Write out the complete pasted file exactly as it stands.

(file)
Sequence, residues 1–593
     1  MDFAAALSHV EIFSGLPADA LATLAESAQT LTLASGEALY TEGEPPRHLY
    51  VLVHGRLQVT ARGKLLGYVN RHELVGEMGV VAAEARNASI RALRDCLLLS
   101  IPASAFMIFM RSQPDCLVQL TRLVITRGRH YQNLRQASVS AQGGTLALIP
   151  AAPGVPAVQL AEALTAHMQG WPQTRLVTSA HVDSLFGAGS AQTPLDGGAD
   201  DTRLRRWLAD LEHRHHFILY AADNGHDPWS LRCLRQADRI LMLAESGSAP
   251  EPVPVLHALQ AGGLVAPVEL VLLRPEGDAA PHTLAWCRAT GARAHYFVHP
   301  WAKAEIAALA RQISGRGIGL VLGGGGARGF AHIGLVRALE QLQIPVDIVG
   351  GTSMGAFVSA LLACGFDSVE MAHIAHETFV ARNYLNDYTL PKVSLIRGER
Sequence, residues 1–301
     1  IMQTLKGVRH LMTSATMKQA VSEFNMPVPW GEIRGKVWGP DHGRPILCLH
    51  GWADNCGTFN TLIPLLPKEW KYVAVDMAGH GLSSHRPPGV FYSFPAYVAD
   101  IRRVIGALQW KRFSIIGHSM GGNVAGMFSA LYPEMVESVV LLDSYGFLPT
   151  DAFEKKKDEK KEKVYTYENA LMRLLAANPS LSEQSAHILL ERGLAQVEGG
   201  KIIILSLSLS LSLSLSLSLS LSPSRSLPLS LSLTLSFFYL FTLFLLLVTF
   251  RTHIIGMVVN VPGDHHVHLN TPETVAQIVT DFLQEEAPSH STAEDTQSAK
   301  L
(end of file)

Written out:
Sequence, residues 1–593
     1  MDFAAALSHV EIFSGLPADA LATLAESAQT LTLASGEALY TEGEPPRHLY
    51  VLVHGRLQVT ARGKLLGYVN RHELVGEMGV VAAEARNASI RALRDCLLLS
   101  IPASAFMIFM RSQPDCLVQL TRLVITRGRH YQNLRQASVS AQGGTLALIP
   151  AAPGVPAVQL AEALTAHMQG WPQTRLVTSA HVDSLFGAGS AQTPLDGGAD
   201  DTRLRRWLAD LEHRHHFILY AADNGHDPWS LRCLRQADRI LMLAESGSAP
   251  EPVPVLHALQ AGGLVAPVEL VLLRPEGDAA PHTLAWCRAT GARAHYFVHP
   301  WAKAEIAALA RQISGRGIGL VLGGGGARGF AHIGLVRALE QLQIPVDIVG
   351  GTSMGAFVSA LLACGFDSVE MAHIAHETFV ARNYLNDYTL PKVSLIRGER
Sequence, residues 1–301
     1  IMQTLKGVRH LMTSATMKQA VSEFNMPVPW GEIRGKVWGP DHGRPILCLH
    51  GWADNCGTFN TLIPLLPKEW KYVAVDMAGH GLSSHRPPGV FYSFPAYVAD
   101  IRRVIGALQW KRFSIIGHSM GGNVAGMFSA LYPEMVESVV LLDSYGFLPT
   151  DAFEKKKDEK KEKVYTYENA LMRLLAANPS LSEQSAHILL ERGLAQVEGG
   201  KIIILSLSLS LSLSLSLSLS LSPSRSLPLS LSLTLSFFYL FTLFLLLVTF
   251  RTHIIGMVVN VPGDHHVHLN TPETVAQIVT DFLQEEAPSH STAEDTQSAK
   301  L